One Tennessee man had his feline friends frozen in time, literally, and he's fighting mad police came and took them away.
When cops seized William Davis' 114 frosty felines and a dog named Snowy he had been storing in his household freezers, he was fuming.
Davis claims the cold carcasses had 'emotional value' and he had been keeping them 'on ice' for later use in a pet cemetery he was building, reported The Smoking Gun.
After police seized and destroyed the animals' remains, Davis decided to sue the Murfreesboro Police Department for $1.5 million.
According to the 75-year old Davis, police raided his home twice in 2003 and took the frozen animals, along with 46 cats, one dog, and some 'wild game meat.'
Davis also claimed he was keeping one of the cat carcasses because it was abnormally large at birth and he wanted to submit it to the Guinness Book of World Records.
The initial searches of Davis' home resulted in animal cruelty charges being levied against him, and he pled guilty to one count and was given a year of probation.
David claims he was caused 'emotional pain and suffering' after his furry friends were removed.
Talk About Beating a Loooooong-Dead Horse
WAUSAU, Wis. (AP) — You might say it's beating a dead horse ... but a Sheboygan newspaper's attempt to explain an 1870s photo is stirring lots of reaction.
The photo shows a man in a stovepipe hat apparently sitting on a dead horse in the middle of a dusty, deserted Sheboygan street.
The black-and-white photo was taken between 1876 and 1884.
The Sheboygan Press used it in a calendar for this year ... and now the picture is creating a mini-sensation, fueled by the Internet. Calls and e-mails have been coming in from around the nation with people speculating, joking and wondering about the picture.
Local historians say no one knows who the man is or the circumstances surrounding the picture.
The city once had laws requiring people to stay with their dead horses until they were picked up and disposed of.
But nobody knows why that would become a photo subject ... or whether someone thought it would be funny to have someone go sit on the horse for the picture.
He Fell Right Into the Lap of Justice
MOULTRIE, Georgia (AP) — A search for an elusive criminal came to an unexpected end when the man crashed through a ceiling from his attic refuge and landed near police who had come to arrest him, officials said.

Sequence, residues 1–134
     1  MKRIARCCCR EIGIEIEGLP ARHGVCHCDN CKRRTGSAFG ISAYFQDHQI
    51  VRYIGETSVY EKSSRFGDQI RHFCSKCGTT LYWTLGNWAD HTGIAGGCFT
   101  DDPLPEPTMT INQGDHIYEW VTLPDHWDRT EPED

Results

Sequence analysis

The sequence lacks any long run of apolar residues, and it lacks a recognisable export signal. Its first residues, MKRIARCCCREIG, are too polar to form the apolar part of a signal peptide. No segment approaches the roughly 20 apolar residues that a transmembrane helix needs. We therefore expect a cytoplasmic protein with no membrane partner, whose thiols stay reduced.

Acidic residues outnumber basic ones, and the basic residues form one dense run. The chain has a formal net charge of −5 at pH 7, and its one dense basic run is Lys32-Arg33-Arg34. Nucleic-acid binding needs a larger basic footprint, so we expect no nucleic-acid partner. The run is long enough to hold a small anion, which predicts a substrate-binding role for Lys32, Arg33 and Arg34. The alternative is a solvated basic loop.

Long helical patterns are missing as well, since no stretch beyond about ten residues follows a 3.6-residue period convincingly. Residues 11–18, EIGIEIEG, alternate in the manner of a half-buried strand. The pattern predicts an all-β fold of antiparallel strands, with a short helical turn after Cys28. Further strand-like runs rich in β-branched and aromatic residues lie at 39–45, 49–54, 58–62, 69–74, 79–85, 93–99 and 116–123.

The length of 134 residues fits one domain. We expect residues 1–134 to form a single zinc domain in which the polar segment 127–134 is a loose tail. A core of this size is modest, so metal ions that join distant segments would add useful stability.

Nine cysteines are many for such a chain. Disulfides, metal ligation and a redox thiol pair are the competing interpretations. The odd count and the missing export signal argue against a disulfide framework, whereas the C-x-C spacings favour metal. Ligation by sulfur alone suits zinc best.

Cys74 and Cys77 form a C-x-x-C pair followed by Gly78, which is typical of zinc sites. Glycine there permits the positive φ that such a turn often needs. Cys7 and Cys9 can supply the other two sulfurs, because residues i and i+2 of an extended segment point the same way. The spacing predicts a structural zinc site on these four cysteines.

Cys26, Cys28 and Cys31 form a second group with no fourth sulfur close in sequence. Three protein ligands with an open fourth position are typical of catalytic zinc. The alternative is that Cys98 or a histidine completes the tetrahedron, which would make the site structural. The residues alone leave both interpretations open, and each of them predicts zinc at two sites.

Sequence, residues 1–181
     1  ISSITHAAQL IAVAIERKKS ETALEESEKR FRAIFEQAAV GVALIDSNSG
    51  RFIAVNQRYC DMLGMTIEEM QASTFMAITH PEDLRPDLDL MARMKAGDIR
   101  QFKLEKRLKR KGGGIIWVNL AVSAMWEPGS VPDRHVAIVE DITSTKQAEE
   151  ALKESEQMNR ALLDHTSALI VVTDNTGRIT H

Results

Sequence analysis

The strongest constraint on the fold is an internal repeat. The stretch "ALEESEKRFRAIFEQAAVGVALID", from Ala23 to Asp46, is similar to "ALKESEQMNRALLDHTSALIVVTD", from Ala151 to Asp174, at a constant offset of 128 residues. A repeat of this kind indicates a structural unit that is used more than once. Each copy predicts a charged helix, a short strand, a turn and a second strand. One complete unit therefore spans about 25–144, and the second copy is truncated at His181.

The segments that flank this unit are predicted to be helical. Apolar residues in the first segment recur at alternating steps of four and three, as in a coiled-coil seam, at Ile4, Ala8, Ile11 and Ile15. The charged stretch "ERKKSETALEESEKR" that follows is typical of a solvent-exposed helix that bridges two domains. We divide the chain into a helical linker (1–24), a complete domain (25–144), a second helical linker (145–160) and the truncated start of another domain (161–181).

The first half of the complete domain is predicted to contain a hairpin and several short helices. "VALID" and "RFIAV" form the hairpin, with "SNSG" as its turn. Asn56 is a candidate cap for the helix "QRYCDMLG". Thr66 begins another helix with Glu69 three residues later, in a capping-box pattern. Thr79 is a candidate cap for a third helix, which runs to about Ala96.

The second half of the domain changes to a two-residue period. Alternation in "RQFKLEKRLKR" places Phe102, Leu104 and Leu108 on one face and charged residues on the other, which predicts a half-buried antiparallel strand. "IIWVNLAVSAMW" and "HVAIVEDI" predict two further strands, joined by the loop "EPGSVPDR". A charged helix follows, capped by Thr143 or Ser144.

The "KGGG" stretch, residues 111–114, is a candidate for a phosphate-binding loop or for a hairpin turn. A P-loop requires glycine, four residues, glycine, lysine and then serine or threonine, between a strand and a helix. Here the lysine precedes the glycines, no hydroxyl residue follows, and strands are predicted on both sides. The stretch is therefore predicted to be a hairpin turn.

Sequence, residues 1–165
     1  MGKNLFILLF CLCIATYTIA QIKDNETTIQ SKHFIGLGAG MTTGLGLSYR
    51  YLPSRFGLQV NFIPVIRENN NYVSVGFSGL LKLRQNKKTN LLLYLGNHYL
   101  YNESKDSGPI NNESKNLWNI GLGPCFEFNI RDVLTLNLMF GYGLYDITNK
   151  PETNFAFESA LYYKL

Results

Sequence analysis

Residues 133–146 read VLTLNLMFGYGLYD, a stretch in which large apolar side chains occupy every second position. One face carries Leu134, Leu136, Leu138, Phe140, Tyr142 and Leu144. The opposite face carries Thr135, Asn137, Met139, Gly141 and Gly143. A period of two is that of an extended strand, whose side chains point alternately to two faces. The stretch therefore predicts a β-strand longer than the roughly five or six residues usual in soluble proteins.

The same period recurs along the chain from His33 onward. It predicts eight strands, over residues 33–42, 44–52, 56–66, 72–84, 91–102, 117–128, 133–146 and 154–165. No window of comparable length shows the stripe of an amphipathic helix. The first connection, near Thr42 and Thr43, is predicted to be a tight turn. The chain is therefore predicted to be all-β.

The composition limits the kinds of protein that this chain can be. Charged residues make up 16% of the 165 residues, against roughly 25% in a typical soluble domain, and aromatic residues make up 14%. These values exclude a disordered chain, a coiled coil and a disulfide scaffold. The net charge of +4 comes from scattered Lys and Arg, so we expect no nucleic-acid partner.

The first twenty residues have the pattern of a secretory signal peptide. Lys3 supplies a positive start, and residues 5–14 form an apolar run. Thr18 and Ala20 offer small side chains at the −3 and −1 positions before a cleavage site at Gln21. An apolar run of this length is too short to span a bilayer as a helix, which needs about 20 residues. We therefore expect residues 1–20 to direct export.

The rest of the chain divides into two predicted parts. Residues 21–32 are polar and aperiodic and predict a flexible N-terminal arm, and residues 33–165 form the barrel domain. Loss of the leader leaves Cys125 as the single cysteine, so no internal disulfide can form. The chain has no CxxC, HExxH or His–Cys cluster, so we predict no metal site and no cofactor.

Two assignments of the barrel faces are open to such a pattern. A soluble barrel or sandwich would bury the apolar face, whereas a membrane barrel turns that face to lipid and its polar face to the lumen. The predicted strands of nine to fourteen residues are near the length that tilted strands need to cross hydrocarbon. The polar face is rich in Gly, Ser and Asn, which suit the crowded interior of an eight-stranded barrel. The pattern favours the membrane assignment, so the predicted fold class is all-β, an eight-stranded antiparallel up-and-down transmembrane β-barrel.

"Normally you have to crawl up there and root them out," said Capt. Tommy Rabon, head of the Moultrie Police Department's Criminal Investigations Division. "But he came out on his own — the hard way."
Officers had gone to a home Wednesday to arrest Danny Butts, 21, for a probation violation. They became suspicious when the brightly lit interior suddenly went dark.
An occupant said Butts was not there, but officers spotted debris below an attic entrance. While they continued to question the woman, Butts fell through the ceiling onto a bedroom floor.
And the Pants Go Marching On...
BOYNTON BEACH, Fla. (AP) — Police say the pants bandit may have struck again in Boynton Beach.
A woman was robbed early Thursday morning, becoming at least the fourth person robbed at gunpoint for pants in three months.
Police are investigating to see if the cases are related.
In the last three months, authorities say one man begged for his life and another victim was shot after thieves pulled up in a car and demanded their pants. The victim survived the shooting.
The police report says a passenger said he "liked these pants" and then took them.
Not Exactly the Catch of the Day
CUSHING, Maine (AP) — A fisherman pulled up what appears to be the tusk of a wooly mammoth from Georges Bank off the Maine coast.
The Maine State Museum is examining the dark, curved and pointed specimen, which was dredged up in a load of shells by Massachusetts-based scallop dragger Celtic.
Fisherman Tim Winchenbach of Cushing brought the piece home to his wife Michelle, who began researching to see if it could be from a wooly mammoth.
Remains of the extinct breed of elephant, which had a covering of long hair, have been found in North America, Europe, Africa and Asia.
Compiled by FOXNews.com's Hannah Sentenac.
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